Bonds

The National Association of Bond Lawyers is putting its efforts behind the industry-wide push for the muni industry’s priorities to be included in the infrastructure and reconciliation bills currently passing through Congress.

Ann Fillingham, director of regulated industries at Dyseka, who becomes NABL’s new president this week, discussed the group’s priorities as the agency kicks off its annual Workshop conference in a dual in-person and virtual format.

Fillingham succeeds Ballard Spahr partner Teri Guarnaccia as the eleventh female president of the organization and will travel to Chicago to participate in NABL U’s Workshop on Wednesday and Thursday to kick off her tenure.

“NABL’s current priorities are very consistent with the market.” she said. “We want to be nimble and helpful to both our members and to policymakers with respect to both the infrastructure and reconciliation packages.”

Her presidency comes at a critical time for the muni industry, as lawyers and other muni professionals alike are pushing the inclusion of muni provisions in President Biden’s infrastructure and reconciliation bills. Fillingham views NABL’s priorities as part of a larger industry-wide push behind these issues.

“NABL really views itself as a technical expert and resource when it comes to all aspects of federal policy relating to public finance,” Fillingham said. “And we’re hopeful that everyone uses us as that kind of trusted expert voice.”

The group is committed to advocating on behalf of restoring tax-exempt advance refunding, reestablishing a direct-subsidy bond program, expanding private activity bonds and modernizing bank qualified debt, she said, all issues that the muni industry has been buzzing about for years.

“We’re committed to preserving existing finance tools for state and local governments, as well as expanding and exploring new tools to help build strong economically vibrant communities,” Fillingham said.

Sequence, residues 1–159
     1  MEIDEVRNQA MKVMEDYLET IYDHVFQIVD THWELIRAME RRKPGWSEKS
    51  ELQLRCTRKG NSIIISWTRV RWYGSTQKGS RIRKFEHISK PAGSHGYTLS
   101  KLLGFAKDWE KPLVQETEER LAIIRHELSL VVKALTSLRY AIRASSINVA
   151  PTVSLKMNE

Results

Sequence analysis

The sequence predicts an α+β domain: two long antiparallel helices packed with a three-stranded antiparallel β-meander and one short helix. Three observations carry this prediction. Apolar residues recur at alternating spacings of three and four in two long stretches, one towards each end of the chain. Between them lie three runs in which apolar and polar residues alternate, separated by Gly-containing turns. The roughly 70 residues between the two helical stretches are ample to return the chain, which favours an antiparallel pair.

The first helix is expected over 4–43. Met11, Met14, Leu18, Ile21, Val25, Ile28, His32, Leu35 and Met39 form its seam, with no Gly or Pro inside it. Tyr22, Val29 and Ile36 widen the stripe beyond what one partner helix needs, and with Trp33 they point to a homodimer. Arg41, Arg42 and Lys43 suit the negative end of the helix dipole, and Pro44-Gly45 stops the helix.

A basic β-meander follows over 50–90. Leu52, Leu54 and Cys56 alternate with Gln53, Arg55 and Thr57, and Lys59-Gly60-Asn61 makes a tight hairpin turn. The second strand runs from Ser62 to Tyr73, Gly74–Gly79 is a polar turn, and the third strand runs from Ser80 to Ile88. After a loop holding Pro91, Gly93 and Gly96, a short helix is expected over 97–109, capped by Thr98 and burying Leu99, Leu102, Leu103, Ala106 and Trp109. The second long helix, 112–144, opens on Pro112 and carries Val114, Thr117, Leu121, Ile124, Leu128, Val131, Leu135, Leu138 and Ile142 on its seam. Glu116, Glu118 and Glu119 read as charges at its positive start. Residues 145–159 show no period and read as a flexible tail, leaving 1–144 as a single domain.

These aren’t new issues for NABL and are consistent with where the organization and the organization’s board has been over the last few years. But since so much change could come as a result of the upcoming legislation, Fillingham said she’s making sure all NABL members are up to date with the current tools in the market, as well as the potential for new ones that may “improve the state of the art in our field,” she said.

Ann Fillingham

Fillingham grew up in Midland, Michigan, where her father was an inorganic research chemist for the Dow Chemical Company. Her studies led her to Michigan State University, where she began a degree in finance.

While initially “uncertain about what she wanted to do,” Fillingham said, she spent a summer working for a sole practitioner in her hometown and from there, decided that a career in law was the right path for her.

Following graduation, Fillingham went on to pursue a law degree from the University of Michigan and was introduced to NABL in 1991, when she attended a fundamentals of municipal bond law seminar hosted by the agency and was struck by the ins and outs of the muni industry.

“I enjoyed that seminar immensely,” Fillingham said. “I still have that dog-eared blue book on my desk literally 30 years later and was very impressed by how professional and forthcoming everyone was with information and advice when I was in my 20s, and continue to be so in my 50s.”

Fillingham currently resides in Lansing, Michigan and being in the state capital has given her exposure to work with the state and some of its agencies,gaining her first experience with the muni industry working with the Michigan Finance Authority, which was then called the Michigan Municipal Bond Authority, in an issuance for Wayne County.

“I found it fascinating to be able to use both my legal and my finance skill set meaningfully at this local government,” she said. “And I still do.”

This week’s conference will take place through a hybrid in-person and virtual model, after last year’s conference was done all virtually.

This format, Fillingham said, has “inserted a level of complication into the conference planning process but we feel it’s important to be able to reach our members, regardless of their comfort of being in person at the moment or not.”

“Mostly it has changed backroom and operational types of things,” she added. “We’ve worked very hard to make sure that it hasn’t and won’t adversely affect content and delivery but the mechanics of both in person delivery and electronic delivery are a little more complicated from an organizational perspective.”

The last year and half of uncertainty in the market has forced many to think about the market and their role in it in new ways, and that remains true for NABL as well. But the organization is not changing its governing structure or staffing operations like others in these unprecedented times, it’s doubling down on what has made the organization an effective resource throughout the years.

“It certainly has created for all of us a heightened awareness of the need to think about the different ways that membership utilizes NABL and the NABL resources, and really focus on making sure as an organization we remain relevant to and helpful for our membership,” she said.

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